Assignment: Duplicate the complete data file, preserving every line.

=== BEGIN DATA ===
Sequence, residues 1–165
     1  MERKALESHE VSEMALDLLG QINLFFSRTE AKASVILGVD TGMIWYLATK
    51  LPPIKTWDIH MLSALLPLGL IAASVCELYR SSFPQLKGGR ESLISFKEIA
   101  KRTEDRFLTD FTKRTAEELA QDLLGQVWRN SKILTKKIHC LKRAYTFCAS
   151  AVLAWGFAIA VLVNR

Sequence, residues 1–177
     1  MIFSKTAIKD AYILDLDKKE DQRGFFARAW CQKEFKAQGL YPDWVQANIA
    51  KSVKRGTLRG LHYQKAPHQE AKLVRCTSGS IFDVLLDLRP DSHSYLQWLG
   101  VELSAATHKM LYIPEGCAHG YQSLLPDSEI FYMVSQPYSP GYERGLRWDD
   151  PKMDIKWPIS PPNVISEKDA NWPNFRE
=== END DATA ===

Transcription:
Sequence, residues 1–165
     1  MERKALESHE VSEMALDLLG QINLFFSRTE AKASVILGVD TGMIWYLATK
    51  LPPIKTWDIH MLSALLPLGL IAASVCELYR SSFPQLKGGR ESLISFKEIA
   101  KRTEDRFLTD FTKRTAEELA QDLLGQVWRN SKILTKKIHC LKRAYTFCAS
   151  AVLAWGFAIA VLVNR

Sequence, residues 1–177
     1  MIFSKTAIKD AYILDLDKKE DQRGFFARAW CQKEFKAQGL YPDWVQANIA
    51  KSVKRGTLRG LHYQKAPHQE AKLVRCTSGS IFDVLLDLRP DSHSYLQWLG
   101  VELSAATHKM LYIPEGCAHG YQSLLPDSEI FYMVSQPYSP GYERGLRWDD
   151  PKMDIKWPIS PPNVISEKDA NWPNFRE